Country better under Yudhoyono: SurveyThe Jakarta Post
In contrast to Indonesian pollsters who have recently reported poor approval ratings for the Susilo Bambang Yudhoyono administration, an Australian pollster said Thursday the public felt the government had done a good job of improving conditions in Indonesia.
Roy Morgan Research, an Australian market research and public opinion polling company, found in its Good Governance Monitor that the Yudhoyono government is continuing to improve its performance on four key issues: trust, management, corruption and democracy.
"Only 39 percent of respondents now agree with the statement, "I don't trust the current government", down from 41 percent at the end of 2005," the survey reported.
Debnath Guharoy, the Asian regional director for Roy Morgan Research, said that as the public recovered from the painful impact of twin fuel price hikes in 2005 it had once again thrown its weight behind the government.
"Despite natural calamities in Indonesia and spiraling fuel prices across the globe, that's a creditable outcome. I say that knowing that Indonesians are easy to please and ready to forgive," Guharoy said.
Every 90 days Roy Morgan Research interviews more than 6,000 respondents aged 14 and older, randomly picked across Indonesia's 16 provinces and covering more than 90 percent of the country's population.
The pollster interviewed 6,233 people during the April-June quarter. It talks to more than 25,000 respondents annually.
The survey found 60 percent of respondents believed the government had done a good job of running the country.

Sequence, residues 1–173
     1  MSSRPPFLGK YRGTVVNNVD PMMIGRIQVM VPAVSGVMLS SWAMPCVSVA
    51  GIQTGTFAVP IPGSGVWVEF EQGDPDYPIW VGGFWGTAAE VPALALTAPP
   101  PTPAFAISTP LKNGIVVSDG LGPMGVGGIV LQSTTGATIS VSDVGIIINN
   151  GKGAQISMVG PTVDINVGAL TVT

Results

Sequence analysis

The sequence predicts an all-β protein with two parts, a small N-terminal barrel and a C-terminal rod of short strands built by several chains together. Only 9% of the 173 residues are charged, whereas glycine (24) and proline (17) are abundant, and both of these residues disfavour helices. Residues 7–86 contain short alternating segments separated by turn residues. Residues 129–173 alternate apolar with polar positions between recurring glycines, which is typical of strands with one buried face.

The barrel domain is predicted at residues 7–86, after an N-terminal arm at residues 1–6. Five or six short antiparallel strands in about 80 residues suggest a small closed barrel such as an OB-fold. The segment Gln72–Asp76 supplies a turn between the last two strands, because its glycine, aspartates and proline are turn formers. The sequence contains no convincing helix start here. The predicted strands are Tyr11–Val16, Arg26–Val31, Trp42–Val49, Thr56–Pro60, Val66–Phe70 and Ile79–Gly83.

The belief that "corruption is a major problem affecting this country" remains entrenched among the overwhelming majority of Indonesians.
Responding to popular indictments and unpopular verdicts, this measurement dipped only marginally in the second quarter of 2006 and remained close to 90 percent.
The public has also grown comfortable with democracy.
"Seventy-six percent agree with the statement that democracy is working in Indonesia," the survey found.
A number of other pollsters, however, have painted a different picture of the Yudhoyono government's performance.
A poll done by the Indonesian Survey Circle (LSI) between April 23 and April 27 found that only 37 percent of the public approved of Yudhoyono's job performance, the lowest rating he has registered in his 18 months in office.
Just 37.9 percent said they were satisfied with Yudhoyono's overall performance, a nose dive from the 79.7 percent recorded 18 months before, when he first assumed office.
A report from the World Bank and its financial arm, the International Financial Corporation (IFC), has concluded that Indonesia remains one of the more difficult places in the world to do business.
In terms of friendliness to foreign investors, Indonesia ranked 135th of 175 countries surveyed in the report.